Wednesday, 12 October 2016

Book 25 of 2016 is the fifth in the Lunar Chronicles, Winter by Marissa Meyer.

This is the end of the series and it was a thoroughly enjoyable. If you want the princesses to save the day then this is your series.

Four rebels out of five.

Should I read this? Yes. It is quite enjoyable and exciting!
What did I learn? The world is changing and women are now running it.

Monday, 26 September 2016


Book 24 of 2016 is the fourth in the Lunar Chronicles, Fairest by Marissa Meyer.

My least favourite of the series is one of the .5 books. Yes, authors are writing middle books conjoining major titles in the series. Fairest sits between book 3 (Cress) and book 4 (Winter).

It did make me rightfully dislike the evil queen and give insight in to her insanity but I could have gleaned this having skipped this book. Read it or not, it won't make that big a difference.

This story is of the evil queen from Snow White.

Three my-parents-made-me-an-evil-queens out of five.

Should I read this? You can read this series without touching this book. It's short so read it if you read fast. Otherwise, skip it.
What did I learn? I have a good reason for disliking middle books. It's a money making venture.

Sunday, 25 September 2016


Book 23 of 2016 is the third in the Lunar Chronicles, Cress by Marissa Meyer.

This is taken from the story of Rapunzel. When I say taken, I do mean that it starts there but goes off in the adventurous way that all the books in this series have.

The main series arc is rising to a crescendo with this third book of five. As they introduce a new character, the tension builds. I really like the characters. I like that they are not hopeless damsels in distress. I like that they fly spaceships and raid castles. I like that the prince charmings are supporting characters around these strong women.

Now I'm on to Fairest without hesitation.

Four space princesses out of five.

Should I read this? It's a fun series. I'd recommend you do.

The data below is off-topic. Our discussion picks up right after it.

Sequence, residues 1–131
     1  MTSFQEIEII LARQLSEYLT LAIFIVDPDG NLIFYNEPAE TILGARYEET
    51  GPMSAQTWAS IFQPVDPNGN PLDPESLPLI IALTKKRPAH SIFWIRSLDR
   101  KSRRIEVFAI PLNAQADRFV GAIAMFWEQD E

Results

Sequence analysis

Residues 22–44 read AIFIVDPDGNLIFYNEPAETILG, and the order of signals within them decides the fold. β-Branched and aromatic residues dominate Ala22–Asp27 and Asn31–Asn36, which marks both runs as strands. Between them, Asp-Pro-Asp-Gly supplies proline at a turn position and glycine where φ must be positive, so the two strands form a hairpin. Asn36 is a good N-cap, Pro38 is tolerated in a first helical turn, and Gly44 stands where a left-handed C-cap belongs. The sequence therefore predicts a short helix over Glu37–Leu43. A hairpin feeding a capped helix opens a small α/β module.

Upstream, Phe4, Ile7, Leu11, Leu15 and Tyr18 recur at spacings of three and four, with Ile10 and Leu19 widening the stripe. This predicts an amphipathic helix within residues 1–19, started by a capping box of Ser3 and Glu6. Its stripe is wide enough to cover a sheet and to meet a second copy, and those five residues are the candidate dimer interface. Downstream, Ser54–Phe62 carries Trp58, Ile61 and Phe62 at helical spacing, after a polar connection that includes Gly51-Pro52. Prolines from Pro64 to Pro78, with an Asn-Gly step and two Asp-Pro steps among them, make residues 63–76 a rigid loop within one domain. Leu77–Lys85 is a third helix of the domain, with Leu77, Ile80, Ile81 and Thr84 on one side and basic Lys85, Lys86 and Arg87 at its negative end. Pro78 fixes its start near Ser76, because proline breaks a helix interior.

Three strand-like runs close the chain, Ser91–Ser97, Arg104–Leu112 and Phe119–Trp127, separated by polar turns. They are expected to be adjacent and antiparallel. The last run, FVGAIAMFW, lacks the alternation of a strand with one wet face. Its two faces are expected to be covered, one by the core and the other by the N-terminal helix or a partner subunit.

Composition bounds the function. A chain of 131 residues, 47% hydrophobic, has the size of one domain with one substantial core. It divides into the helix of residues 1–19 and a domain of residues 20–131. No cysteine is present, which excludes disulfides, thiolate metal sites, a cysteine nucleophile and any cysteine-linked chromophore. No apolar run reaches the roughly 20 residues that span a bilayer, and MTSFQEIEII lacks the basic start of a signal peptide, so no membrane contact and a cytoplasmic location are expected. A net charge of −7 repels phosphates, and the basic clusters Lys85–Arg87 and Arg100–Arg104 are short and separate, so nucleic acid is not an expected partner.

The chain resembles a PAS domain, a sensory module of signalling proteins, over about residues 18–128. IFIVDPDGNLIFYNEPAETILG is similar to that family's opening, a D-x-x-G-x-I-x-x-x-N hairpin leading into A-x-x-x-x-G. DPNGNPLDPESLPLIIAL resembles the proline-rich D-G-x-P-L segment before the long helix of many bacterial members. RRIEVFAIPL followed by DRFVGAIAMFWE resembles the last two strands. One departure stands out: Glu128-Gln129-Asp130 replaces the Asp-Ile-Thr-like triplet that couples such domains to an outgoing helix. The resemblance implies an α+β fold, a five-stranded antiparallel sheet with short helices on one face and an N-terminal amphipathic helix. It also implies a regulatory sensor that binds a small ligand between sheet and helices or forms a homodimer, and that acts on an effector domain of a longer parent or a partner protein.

What did I learn? Rapunzel is much more likeable than Disney would let us believe.

Monday, 5 September 2016

Ice Station

Book 22 of 2016 is Ice Station by Matthew Reilly.

I've only read one other book by this author and it was a good airport book. It is very Indiana Jones mixed with Chris Ryan. This is not the best writing you'll ever read but it is engaging.

The details around wildlife and most of the science stuff was pretty cool. The action was non-stop and so entertaining. He is worth the read.

Four marines out of five.

Should I read this? If you're in an airport and have a long flight ahead then, yes.

What did I learn? Lots about orcas.


Book 21 of 2016 is Scarlet by Marissa Meyer.

This is book two of the Lunar Chronicles. This is a series I am thoroughly enjoying and can not fault at all. This is a re-write of the classic fairy tales with a feminist and technological twist. How could I not like them? Now to read the rest.

Four princesses out of five.

Should I read this? Yes. Just do.

What did I learn? Some trilogies are different.

Sunday, 7 August 2016

Cyber Storm

Book 20 of 2016 is Cyber Storm by Matthew Mather.

Another Kindle Unlimited book that disappointed me beyond belief. Despite the 3.7 star rating on GoodReads, this book failed miserably.

The whole story is quite a good version of a technical apocalypse that is completely negated in the last couple of chapters. I was going to give this a 3.5/5 before the final play. It was shockingly bad.

One lazy ending out of five.

Should I read this? Do not read this book. Ever.

What did I learn? A bad author doesn't know how to end a story and can ruin it at summation.

Monday, 4 July 2016

The Marshmallow Test

Book 19 of 2016 is The Marshmallow Test: Mastering Self-Control by Walter Mischel.

A book based on a famous psychological experiment that anyone who has had their self-control falter has heard of.